Monday, February 26, 2007

Al-Doura residents welcome Soldiers, security

Well here is something the MSM will never report on - Good News out of Iraq!

While some politicians scream our soldiers are wasting their time in Iraq, I wonder if the children in the secure areas think they are?

Photo: Bronx, N.Y., native Staff Sgt. Juan A. Lopez, speaks Arabic with some Iraqi children during his unit’s patrol of a market in Baghdad’s Al Doura district.

BAGHDAD — “Face time.” It seems to be a term used more by celebrities than Soldiers, but as Iraqi Army and Police go on patrols with Coalition forces, “face time” is something one unit is saying is very important to their mission of capturing the bad guys.

On what’s become a normal patrol mission in Baghdad’s northwest Al-Doura neighborhood, Company C, 2nd Battalion, 12th Infantry Regiment, 2nd Brigade, 2nd Infantry Division Soldiers are using the results of their “face time” to help catch the enemy.

“Our presence is very important,” said Staff Sgt. Juan A. Lopez, a Bronx, N.Y. native. “The [locals] will talk to us and tell us where the caches and insurgents are, they will tell us about new people who have moved into their neighborhood threatening them.

“It’s a positive we are here everyday. That way, little by little, we can make a difference.”

On a patrol of one neighborhood in the Humvees, children were peeking out of their gates and waiving to the Soldiers through their bulletproof glass. “Wave at them, man,” Lopez told one of his Soldiers in the vehicle. “They might remember you later and say, ‘hey, I waived at that Soldier when I was a little kid.’”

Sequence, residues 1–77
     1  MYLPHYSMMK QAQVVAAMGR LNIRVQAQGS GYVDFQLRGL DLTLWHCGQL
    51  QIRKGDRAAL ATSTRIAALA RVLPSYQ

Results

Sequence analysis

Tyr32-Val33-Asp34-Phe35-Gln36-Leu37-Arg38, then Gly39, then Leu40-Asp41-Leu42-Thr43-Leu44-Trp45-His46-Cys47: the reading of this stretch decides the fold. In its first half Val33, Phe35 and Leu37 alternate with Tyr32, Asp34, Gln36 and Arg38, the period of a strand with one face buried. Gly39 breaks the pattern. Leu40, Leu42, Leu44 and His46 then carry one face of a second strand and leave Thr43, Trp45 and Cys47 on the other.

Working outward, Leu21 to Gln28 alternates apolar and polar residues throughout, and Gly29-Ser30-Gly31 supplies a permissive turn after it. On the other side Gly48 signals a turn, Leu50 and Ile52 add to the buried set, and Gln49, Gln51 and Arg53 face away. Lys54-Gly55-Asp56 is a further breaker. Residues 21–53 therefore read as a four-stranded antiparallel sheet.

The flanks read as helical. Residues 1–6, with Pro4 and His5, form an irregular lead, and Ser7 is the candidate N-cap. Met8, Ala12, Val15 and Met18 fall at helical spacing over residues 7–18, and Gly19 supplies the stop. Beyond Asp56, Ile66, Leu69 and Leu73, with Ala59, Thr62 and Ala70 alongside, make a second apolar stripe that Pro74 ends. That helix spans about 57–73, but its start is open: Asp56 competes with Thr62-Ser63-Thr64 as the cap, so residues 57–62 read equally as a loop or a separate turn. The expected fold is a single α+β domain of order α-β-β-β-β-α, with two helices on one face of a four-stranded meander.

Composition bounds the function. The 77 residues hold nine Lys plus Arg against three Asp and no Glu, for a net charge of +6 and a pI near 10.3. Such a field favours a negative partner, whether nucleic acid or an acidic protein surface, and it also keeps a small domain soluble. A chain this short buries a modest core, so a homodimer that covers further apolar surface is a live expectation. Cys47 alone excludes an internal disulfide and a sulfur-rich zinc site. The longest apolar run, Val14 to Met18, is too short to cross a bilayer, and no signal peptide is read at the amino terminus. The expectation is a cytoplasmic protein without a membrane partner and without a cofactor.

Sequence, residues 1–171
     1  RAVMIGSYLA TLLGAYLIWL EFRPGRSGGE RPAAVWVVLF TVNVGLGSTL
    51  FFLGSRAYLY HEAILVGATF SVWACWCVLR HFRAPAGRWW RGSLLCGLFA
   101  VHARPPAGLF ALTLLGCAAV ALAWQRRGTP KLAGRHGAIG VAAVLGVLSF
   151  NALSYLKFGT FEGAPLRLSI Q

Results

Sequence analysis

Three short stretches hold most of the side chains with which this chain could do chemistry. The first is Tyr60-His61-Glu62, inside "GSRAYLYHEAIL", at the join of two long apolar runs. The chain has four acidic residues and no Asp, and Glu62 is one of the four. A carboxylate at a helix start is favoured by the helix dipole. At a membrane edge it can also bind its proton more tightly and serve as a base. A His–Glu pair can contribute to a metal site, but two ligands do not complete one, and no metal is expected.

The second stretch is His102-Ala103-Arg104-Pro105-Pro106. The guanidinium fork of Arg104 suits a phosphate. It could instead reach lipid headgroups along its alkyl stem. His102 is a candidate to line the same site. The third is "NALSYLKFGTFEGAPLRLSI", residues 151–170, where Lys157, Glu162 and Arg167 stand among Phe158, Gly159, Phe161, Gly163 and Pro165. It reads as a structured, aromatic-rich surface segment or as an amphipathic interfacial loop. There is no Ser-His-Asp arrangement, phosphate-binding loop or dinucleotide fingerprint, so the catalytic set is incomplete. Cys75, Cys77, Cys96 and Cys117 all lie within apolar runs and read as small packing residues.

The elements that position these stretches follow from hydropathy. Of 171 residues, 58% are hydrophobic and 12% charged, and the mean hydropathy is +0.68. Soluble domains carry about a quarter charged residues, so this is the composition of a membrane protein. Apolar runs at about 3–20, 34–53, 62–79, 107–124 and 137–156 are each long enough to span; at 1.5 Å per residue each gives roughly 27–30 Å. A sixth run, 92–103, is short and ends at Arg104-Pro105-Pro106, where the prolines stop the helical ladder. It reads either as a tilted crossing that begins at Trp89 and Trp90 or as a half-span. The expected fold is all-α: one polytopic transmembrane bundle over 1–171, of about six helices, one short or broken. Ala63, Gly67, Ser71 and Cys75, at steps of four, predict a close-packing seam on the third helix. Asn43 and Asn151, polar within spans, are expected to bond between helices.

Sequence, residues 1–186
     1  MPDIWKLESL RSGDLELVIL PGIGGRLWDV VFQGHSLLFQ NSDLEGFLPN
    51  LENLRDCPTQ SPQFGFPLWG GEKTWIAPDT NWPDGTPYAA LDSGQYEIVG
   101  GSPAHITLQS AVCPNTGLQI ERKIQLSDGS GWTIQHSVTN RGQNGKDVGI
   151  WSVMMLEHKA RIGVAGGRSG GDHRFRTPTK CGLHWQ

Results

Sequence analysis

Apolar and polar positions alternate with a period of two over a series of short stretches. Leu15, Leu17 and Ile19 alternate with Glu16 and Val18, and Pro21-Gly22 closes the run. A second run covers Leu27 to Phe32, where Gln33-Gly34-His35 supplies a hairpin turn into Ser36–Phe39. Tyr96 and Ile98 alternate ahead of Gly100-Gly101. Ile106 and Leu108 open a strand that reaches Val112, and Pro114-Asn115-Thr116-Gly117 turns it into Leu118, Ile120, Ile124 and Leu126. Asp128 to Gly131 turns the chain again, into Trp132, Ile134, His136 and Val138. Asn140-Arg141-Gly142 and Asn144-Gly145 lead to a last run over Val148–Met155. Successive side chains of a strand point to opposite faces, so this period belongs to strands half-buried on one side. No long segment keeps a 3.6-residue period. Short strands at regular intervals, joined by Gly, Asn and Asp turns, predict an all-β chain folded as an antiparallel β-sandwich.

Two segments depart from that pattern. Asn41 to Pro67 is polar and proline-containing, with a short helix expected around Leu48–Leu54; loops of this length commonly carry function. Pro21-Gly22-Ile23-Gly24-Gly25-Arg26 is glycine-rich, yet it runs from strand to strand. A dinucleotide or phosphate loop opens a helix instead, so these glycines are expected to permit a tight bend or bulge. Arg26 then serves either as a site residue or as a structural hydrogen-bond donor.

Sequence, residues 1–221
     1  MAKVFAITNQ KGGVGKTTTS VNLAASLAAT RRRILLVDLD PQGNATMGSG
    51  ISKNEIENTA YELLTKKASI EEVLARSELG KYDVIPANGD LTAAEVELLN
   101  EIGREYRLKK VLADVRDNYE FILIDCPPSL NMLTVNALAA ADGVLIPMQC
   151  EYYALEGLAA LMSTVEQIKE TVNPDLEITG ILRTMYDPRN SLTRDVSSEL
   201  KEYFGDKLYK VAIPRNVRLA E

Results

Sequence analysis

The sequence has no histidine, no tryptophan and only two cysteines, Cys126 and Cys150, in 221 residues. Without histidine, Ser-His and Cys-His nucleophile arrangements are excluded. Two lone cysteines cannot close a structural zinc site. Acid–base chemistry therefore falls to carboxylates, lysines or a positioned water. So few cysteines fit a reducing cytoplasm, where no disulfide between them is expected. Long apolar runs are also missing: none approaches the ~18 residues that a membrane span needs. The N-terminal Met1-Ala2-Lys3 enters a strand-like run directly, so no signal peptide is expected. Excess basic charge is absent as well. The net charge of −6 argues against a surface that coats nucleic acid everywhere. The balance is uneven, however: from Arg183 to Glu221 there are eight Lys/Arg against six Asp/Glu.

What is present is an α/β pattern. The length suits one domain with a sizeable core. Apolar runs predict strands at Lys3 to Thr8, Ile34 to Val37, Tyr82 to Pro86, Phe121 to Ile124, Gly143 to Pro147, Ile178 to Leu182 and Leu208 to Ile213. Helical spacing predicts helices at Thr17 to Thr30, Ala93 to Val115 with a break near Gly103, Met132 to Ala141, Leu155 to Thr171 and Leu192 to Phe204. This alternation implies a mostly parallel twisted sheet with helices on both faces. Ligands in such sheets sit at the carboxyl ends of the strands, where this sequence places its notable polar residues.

Lopez, who, back in the Bronx, has a Yemeni friend who taught him some Arabic phrases, uses it to reach out to the community. When he and his Soldiers walk around the market, they are swarmed by young children. Lopez uses his limited Arabic to joke with the children.

In one of the “muhallas,” or neighborhoods, there is a thriving marketplace within what used to be a traffic circle. The locals go there to buy fresh fish, produce, clothes, shoes and other items. As recent as a month ago, insurgent activity forced a lot of them to stay away from the market. Lopez and his unit had seen some fierce fighting there. During the battle, the Coalition forces repelled the insurgents from the neighborhood.

In a way, the locals have, in casual meetings with the Coalition forces, learned to embrace them. During their cordon and search missions, the Soldiers commonly refer to the meetings as “block parties.” It’s not uncommon for the locals to ask Soldiers and Iraqi National Police officers to come in and have some tea.

According to Lopez, his unit has captured a lot of suspects which is a direct result of their presence patrols and the bonds they make during them.

“One day, a lady told us to take someone because he was a cell leader,” he recalled. “It wouldn’t be like that if we weren’t out here. We found a lot of guys and caches because of all the tips [from the locals].”

During a recent block party, Lopez and his team searched a house owned by a married couple with a small child. When asked how they felt about being searched, the husband said he didn’t mind it because it made their community safer to have Soldiers around.

Another important relationship they have fostered is the one they have with the Iraqi National Police.

“We can’t do everything, so that’s why we work with the NPs (National Police),” he said. “And now that the Iraqi Army is here, the [insurgents] are pulling out. It makes a difference, and that’s what they want. “

Reposted from
United States CENTCOM Multi-National Force Newsletter

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